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You Me At Six – Sinners Never Sleep
You Me At Six
Sinners Never Sleep - Virgin Records
You Me At Six seems to have the same mistaken understanding about what it takes to “mature” as musicians as most flashy pop-punks coming to terms with shifting trends and aging realities. Someone needs to tell these bands than simply reducing their tempo and blasting the bass shouldn’t be equated with maturity. And while You Me At Six needed to grow up from the start, simply switching gears from Fall Out Boy to Twin Atalntic isn’t enough to make me care about the Weybridge, Surrey quintet.
Their latest album, Sinners Never Sleep, is a case of too generic for radio, and not hooky enough for their existing fan base. All the right elements are there by any producer’s standards, but they largely lack any sort of impetus to make their audience care. Since the band doesn’t seem to put forth an effort on their part, why should I? So I’m going to borrow a sentence from my first You Me At Six review and plunk it down right here since it’s as true now as the first time it was written: “The whole affair feels so bland I could barely even single out tracks for this review.”
Some might cry foul, pointing to the obvious shifts in tempo between a few landmark tracks. I’ll fire back pointing out that the difference between the energetic “This Is The First Thing” and the slowly accented “No One Does It Better” is superficial. True, they both come from different cookie cutter molds, but they’re formulaic through and through. The former lands hollow hooks that I’m at a loss for remembering without having the song blasting directly from my headphones, and the latter fills a quota for that quintessential “introspective” breakup track that relies on its slow pace as a defining crutch.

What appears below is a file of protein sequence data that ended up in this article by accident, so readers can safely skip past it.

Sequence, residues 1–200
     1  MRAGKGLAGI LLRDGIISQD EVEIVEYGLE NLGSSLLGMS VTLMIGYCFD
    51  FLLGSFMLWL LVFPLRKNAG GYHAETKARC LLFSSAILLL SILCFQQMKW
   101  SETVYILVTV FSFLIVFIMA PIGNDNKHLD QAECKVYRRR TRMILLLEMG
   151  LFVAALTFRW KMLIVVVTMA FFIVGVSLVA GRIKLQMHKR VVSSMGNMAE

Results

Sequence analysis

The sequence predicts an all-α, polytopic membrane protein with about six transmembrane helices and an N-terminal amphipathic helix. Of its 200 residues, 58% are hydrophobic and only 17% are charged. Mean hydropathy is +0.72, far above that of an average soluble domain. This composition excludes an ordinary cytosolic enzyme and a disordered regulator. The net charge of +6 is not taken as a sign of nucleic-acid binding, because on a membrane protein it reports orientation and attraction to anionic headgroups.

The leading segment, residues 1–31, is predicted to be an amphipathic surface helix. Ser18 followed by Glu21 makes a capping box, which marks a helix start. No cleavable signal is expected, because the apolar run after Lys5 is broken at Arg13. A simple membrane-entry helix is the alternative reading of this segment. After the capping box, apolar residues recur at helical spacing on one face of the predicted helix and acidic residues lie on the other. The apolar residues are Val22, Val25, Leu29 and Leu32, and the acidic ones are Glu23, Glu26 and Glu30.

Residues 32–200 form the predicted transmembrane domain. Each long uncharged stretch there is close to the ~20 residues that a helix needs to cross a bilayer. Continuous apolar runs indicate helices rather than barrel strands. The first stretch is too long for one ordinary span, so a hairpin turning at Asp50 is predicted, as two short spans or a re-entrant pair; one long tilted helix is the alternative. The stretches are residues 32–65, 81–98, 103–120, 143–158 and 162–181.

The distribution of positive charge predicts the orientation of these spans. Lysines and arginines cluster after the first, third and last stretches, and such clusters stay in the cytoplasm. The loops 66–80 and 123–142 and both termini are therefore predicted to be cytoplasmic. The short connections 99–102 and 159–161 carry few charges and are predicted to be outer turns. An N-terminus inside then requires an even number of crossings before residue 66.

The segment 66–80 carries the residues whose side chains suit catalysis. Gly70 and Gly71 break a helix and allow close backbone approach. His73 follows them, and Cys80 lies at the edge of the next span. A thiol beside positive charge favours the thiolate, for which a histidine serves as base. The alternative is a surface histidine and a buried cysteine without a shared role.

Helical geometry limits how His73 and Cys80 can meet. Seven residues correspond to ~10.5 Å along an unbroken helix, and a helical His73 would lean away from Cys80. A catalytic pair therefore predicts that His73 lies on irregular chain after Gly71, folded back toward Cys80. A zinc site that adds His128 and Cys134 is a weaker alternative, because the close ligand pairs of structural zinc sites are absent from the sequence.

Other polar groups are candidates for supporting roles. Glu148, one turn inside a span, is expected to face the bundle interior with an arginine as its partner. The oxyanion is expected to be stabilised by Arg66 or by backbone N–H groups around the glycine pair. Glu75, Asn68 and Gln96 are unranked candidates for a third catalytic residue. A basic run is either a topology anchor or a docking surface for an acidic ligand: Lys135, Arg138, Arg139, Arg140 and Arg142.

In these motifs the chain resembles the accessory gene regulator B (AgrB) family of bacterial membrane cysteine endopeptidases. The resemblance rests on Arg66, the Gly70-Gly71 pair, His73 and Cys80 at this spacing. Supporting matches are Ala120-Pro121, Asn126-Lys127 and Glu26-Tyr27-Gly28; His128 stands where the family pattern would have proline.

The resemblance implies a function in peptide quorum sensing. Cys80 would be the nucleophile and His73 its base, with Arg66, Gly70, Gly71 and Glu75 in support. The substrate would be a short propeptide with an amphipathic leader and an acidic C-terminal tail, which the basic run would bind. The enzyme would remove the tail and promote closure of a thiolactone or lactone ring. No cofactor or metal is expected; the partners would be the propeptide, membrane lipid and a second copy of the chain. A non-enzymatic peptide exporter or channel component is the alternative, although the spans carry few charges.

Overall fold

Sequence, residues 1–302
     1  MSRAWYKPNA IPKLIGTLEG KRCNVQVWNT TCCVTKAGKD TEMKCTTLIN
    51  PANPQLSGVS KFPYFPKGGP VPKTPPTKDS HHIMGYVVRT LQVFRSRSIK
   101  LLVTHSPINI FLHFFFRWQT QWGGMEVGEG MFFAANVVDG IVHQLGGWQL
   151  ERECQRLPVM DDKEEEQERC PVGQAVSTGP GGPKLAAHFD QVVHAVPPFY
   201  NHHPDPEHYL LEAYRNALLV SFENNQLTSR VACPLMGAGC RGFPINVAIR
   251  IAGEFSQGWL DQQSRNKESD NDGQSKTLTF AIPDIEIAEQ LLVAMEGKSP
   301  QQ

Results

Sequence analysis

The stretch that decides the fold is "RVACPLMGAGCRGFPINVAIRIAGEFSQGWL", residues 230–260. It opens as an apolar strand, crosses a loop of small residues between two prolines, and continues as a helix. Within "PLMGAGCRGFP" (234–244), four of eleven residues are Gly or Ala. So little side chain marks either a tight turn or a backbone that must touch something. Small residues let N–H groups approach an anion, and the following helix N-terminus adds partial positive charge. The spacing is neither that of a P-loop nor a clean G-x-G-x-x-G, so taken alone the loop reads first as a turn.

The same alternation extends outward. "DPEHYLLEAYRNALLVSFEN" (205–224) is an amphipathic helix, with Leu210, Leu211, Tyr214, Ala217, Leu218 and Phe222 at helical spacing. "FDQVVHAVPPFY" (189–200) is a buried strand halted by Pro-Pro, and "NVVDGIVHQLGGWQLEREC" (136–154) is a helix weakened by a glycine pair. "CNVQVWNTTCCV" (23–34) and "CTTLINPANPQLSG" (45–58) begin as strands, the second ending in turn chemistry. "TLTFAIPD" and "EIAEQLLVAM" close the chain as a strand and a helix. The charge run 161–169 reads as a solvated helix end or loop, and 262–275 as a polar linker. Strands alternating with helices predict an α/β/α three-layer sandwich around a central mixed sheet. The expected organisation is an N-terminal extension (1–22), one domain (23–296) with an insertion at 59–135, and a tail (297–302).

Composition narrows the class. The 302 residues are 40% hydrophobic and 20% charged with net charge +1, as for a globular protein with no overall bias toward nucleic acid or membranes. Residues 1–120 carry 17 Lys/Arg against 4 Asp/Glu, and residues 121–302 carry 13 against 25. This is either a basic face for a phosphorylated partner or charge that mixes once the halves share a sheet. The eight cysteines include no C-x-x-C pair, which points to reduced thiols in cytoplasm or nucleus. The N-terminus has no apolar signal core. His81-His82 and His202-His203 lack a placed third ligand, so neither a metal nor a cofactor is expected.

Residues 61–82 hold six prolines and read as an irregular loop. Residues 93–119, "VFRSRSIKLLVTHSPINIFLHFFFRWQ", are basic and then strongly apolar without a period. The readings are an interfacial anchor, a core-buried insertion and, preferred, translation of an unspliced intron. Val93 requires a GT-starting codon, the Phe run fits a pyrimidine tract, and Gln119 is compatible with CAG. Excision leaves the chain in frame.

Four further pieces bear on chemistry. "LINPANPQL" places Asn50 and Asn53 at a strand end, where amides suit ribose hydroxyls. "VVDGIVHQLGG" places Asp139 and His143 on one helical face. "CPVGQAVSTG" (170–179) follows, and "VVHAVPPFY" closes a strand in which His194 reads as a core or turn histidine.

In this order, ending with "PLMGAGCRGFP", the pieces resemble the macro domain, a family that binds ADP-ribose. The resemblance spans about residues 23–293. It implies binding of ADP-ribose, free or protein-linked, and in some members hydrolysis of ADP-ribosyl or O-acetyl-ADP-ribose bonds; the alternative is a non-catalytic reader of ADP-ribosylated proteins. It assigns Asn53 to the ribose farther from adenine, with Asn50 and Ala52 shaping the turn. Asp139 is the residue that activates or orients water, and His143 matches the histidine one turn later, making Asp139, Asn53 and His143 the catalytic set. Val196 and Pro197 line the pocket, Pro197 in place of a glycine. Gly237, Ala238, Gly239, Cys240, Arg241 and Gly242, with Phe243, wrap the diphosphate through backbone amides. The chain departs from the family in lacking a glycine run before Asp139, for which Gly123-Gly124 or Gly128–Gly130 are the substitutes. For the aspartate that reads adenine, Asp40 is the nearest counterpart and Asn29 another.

For those who make it through the album’s first half, one song does stand out as worth pulling from the mix. “Little Death” finds a middle ground between the push and pull of tempos, using sonic shifts to develop the album’s only memorable chorus. “We are not your lovers, we are not your friends” cries Josh Franceschi with a climaxing “oomph” absent from most. It’s catchy without ever reaching excess, and retracts back to the shadows for the comparatively low-key verse. “Little Death” achieves balance, which is something I can’t say for the remainder of Sinners Never Sleep.
Has You Me At Six changed their output from their beginnings? The simple answer is yes, but that shouldn’t be confused with exhibiting musical growth. To borrow a phrase from “Crash,” Sinners Never Sleep is “meaningless routine” born in the producer’s box as radio-friendsly business as usual.